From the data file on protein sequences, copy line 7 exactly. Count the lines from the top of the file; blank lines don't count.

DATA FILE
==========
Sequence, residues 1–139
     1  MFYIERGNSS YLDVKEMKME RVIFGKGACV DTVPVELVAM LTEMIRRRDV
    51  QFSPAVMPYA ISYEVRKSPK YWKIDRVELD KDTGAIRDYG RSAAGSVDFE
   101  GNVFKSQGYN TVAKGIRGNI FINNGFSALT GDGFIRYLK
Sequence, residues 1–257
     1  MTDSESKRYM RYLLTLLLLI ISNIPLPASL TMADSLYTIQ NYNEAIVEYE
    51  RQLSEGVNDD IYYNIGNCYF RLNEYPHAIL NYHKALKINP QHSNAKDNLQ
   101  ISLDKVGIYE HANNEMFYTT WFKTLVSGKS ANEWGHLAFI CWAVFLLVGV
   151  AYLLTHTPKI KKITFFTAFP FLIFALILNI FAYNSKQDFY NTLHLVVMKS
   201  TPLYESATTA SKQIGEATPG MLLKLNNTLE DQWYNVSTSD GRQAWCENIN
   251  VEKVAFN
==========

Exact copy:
    51  RQLSEGVNDD IYYNIGNCYF RLNEYPHAIL NYHKALKINP QHSNAKDNLQ